Algernon's glare turns mechanically back over his shoulder to focus upon Hush's contribution without having seen the initial flush of takeoff or landing. One subtle movement in a sea of hustle and bustle — his own eye in the sky weathered safely out of sight. Wary study is cut off short by voices raised and heads turned; his own angles after the ruckus on an automatic swivel.

Which then continues on slightly past the point of interest the woman represents, possibly in search of someone else authoritative. Or responsible. Or. On duty. Anyone not him to take the fall should a public disturbance go awry would be nice, really.

Instead he finds himself reaching for his belt to secure the set of it against his hip, lapels lifted across a long-suffering sigh. People are the same everywhere.

The sounds of the fight rattle out louder over the sound of heavy footsteps. "…told, by the morning," is the first coherent thing that manages to struggle out of the open door, and the shapes of a younger man being rough handled by an older one. The younger isn't putting up much of a fight— or rather, he actually is, quite ferociously, but there's a weakness to his struggle that speaks towards his own paleness, the deep shadows under his eyes.

A boot to the rear sends him spilling out into the street when hands release him sharply. The woman, Chrissie, either older sister or young mother, steps lightly towards him, a hand out to grip his sleeve in the universal tug of let's just go.

"Where the fuck're we supposed to go? You said 'til the end of winter, you heartless cunt!" is roughly spat instead of paying her any mind.

"Take your plague to the castle for all I care," is declared by the older man, turning his back with the intent of headed back inside the building. It will take a sharp eye for anyone to pick up on the blade flashing in the younger man's hand, then, when he abruptly rushes for that expanse of back turned to him — but the woman sees it, and gives a sharp, wordless cry of panicked protest when the sleeve she was holding onto is tugged out of her grasp.

Aislinn has seen a lot of tragedies. Stillborn infants and children dead before their mothers and fathers. Poliomyelitis. Cholera epidemics. Last week, a young farmer fell off his horse, broke his back, and asked her for hemlock when she told him that he'd never walk again.

For some people, that might make being a witness to this a little easier, but Aislinn experiences Chrissie's fear almost as if it were her own, and there is nothing she would wish for more in this moment than to eliminate the distance between herself and the boy— man with the knife.

She might be able to do more than bark out a warning shout.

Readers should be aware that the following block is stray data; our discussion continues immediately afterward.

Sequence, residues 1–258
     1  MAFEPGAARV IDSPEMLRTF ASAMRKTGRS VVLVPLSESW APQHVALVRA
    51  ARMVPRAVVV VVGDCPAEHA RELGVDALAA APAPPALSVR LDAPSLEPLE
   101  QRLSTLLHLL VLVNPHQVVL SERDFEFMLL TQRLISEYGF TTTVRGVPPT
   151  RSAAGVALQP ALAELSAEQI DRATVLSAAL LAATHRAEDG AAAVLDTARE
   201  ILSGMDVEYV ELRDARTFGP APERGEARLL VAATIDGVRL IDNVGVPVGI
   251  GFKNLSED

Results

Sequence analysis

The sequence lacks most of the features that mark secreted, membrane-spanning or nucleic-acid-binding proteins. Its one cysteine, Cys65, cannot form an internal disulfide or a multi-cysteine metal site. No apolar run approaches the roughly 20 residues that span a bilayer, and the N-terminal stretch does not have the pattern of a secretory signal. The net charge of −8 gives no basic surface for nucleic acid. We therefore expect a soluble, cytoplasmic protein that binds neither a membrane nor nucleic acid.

Mariah doesn't notice the flash of blade or sharp movement, instead, at the mention of the plague, she turns toward Aislinn. "Is there room for their care? I can pay a little— Aislinn?"

It's only the other woman's attention on the little drama that draws Mariah back that way to watch closer. It's too late to do much of anything about it herself, but she does wince, seeing the boy rush the older man. It's very likely she still misses the fact that the younger is armed, given how muted her own reaction is, watching.

Unexpected. Having only just begun to direct himself towards the crux of conflict, Algernon stiffens at the shout and flash, progress stayed by adrenaline push as much as it is the gaggle of locals craning to have a better look.

The only thing to do, then, is to draw and fire — once, directly up past the crook of his elbow and into the sky, the revolver's crack and ring instant cotton in his ears. Someone is manhandled out of his way; hopefully not a child. Most of the rest get the idea to move it on their own, after that.

Effect is instant as it only can be; people duck and scurry, and the young man almost loses his water along with his nerve as attack is stalled out. He twists to confront the thread before his knife can find anything, his face ghost white, mouth cracked and dry and open to shallow breathing.

The landlord looks back as well, a hand gripping the edge of the doorframe for a second to assess what all is going on. No one is lying dead, so he only hustles his way swiftly into the dim of the building, slamming the door behind him in grand ignorance to what he was just rescued in. There's a certain silence descended on the scene, but it can't last — buzz of murmur and the wheels of the town begin to grind along, creep in on the edges.

The young man squares a look at Algernon, knife to gun, and despite this, he starts on forward in shaky steps, the need for confrontation bright in otherwise dull eyes.

He doesn't make it much further than a few paces before buckling at the knees.

Now Aislinn's feet are carrying her swiftly across the square, skirt hiked high above the calf. Her leather boots are light, their soles flat, and laces snug — the only thing that puts her in danger of tripping is her forward momentum, and while her balance is nothing that a cat would be jealous of, she has enough of a handle on it to keep from spilling onto the brick.

She does, however, join the young man on the ground as soon as she reaches him, looping him protectively in her arms in an attempt to hold him upright. Her instict is to feel his chest and gut for wetness and warmth seeping through his clothes.

She only heard the gunshot. Did not see where Algernon's weapon was pointed.